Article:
Maybe one day, a few more years into a career that has already triumphed with stadium sell-outs, Grammy Awards and a lauded Super Bowl halftime performance, Lady Gaga will take a cue from Bruce Springsteen and park herself and a piano on Broadway for a few months.
Because as enjoyable as it is to witness the sleek lighting, tilted stages and Cher-like quick changes from one spangled ensemble to another during her substantial production, Lady Gaga is at her most powerful and captivating seated alone behind her piano.
At the Tuesday night stop of her “Joanne World Tour” at a sold-out Philips Arena, Gaga was in an extraordinarily grateful mood because of the Grammy nominations announced earlier in the day.
Her “Joanne” album, named for an aunt she never knew, but whose story and struggle with lupus affected her deeply, earned two nominations – for best pop vocal album and for the album’s soaring hit, “Million Reasons,” for best pop solo performance.
A couple of times during the two-hour-plus performance, Gaga referenced the recognition, noting, “After 10 years of sharing my art with all of you, I was recognized by the Grammys, and it really means a lot to me…it means it’s OK to be different, to evolve.”
The diminutive powerhouse is only 31, but she’s accomplished so much that she already seems to be a grand old dame.
Her progression from raccoon-eyed club kid to polished performer with a penchant for sequined leotards continues. But at this point in the “Joanne” tour, which kicked off in August, she’s presenting a well-honed spectacle that occasionally overshadows her.
Though she opened the show alone, perched high on a hydraulic lift with pink pulsing lights a complement to her glittery rose-colored cowboy hat during “Diamond Heart,” Gaga was soon joined by her five-piece band and a squad of dancers to roar through the party rocker “A-Yo” – and immediately got lost in the shuffle.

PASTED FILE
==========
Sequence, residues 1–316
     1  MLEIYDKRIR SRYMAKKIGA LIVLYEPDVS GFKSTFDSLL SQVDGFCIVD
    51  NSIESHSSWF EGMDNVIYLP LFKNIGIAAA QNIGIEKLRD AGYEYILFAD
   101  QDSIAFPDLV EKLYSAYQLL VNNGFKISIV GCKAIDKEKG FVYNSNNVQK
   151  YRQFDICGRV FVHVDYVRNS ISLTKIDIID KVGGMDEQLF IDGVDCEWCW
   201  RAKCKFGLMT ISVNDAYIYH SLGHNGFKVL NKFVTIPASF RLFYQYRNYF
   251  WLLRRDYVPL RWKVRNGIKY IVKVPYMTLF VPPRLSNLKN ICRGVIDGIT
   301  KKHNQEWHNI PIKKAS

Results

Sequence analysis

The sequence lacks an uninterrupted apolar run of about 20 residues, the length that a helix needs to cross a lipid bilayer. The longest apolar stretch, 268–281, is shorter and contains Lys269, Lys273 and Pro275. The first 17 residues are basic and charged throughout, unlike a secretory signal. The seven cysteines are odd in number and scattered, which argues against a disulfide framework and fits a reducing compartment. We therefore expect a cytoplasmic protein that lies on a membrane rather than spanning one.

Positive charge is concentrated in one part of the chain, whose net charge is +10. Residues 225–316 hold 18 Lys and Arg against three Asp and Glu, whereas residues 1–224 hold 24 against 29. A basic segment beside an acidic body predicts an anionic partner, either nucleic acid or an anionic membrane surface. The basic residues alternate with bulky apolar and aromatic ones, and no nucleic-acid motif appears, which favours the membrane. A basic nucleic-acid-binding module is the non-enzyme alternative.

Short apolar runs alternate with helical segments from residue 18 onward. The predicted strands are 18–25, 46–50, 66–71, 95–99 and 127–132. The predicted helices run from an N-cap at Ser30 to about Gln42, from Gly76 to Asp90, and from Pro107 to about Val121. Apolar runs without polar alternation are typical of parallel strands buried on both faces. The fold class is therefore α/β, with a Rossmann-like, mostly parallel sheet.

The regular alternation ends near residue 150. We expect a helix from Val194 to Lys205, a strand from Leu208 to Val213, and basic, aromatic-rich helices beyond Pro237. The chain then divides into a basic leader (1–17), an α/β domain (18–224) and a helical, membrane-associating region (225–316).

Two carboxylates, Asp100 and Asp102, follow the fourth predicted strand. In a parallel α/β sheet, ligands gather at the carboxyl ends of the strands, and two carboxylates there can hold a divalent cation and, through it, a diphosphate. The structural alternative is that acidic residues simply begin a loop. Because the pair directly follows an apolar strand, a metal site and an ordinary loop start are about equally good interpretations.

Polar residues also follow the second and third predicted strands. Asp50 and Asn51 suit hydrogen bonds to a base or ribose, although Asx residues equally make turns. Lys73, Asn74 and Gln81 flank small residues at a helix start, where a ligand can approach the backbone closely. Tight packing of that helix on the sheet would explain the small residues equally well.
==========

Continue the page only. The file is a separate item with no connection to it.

Of course some fans relish the razzle dazzle, and between the stage that morphed into stairs and the overhead pods that proved their usefulness as ramps to a funhouse-lighted B-stage at the back of the arena, there was plenty of eye candy.
Gaga also peppered her set list with enough throwbacks – who would have ever thought “Poker Face,” in all of its punchy, fun familiarity, would one day be “vintage” Gaga? – to entertain older fans who might not have cottoned to the rootsier offerings on “Joanne.”
A crew of shirtless guys pranced around her during “Alejandro,” she broke out the keytar for “Just Dance” in all of its disco fabulousness, and marched and gyrated through “LoveGame.”
But the highlight of the set came after Gaga and her garishly outfitted crew scampered across the lowered pod ramps while performing “Applause,” to the secondary stage.
There, she engaged in her trademark – but always heartfelt – monologue with the crowd about acceptance.
“We love everybody here,” she said, to expected cheers. “Everybody’s gotta love each other.”
Behind her cool, see-through piano, Gaga burst into the overlooked “Joanne” gem, “Come to Mama,” a piano bar singalong with quiet melodic nods to Elton John and a message that urges tolerance.
“When it comes to kindness, we gotta get our s*** together,” she said at the end of the song.
She followed it with her solo piano rendition of “The Edge of Glory,” which was a master class of emotion, talent and unfettered belting, before returning to the rainbow-colored lights and pulsating beat of “Born This Way,” her timeless anthem of inclusiveness.
There were a couple of more “acts” to round out the show – a red-soaked stage and a return to the center of the arena for “Dancin’ in Circles,” “Paparazzi” and Gaga goofily posing for fans, among them – but any time she sat alone with a piano, the show sighed with the type of authenticity not often seen with major pop stars.
Lady Gaga has always been an endearing anomaly. Let’s hope that willingness to be different leads to smaller things.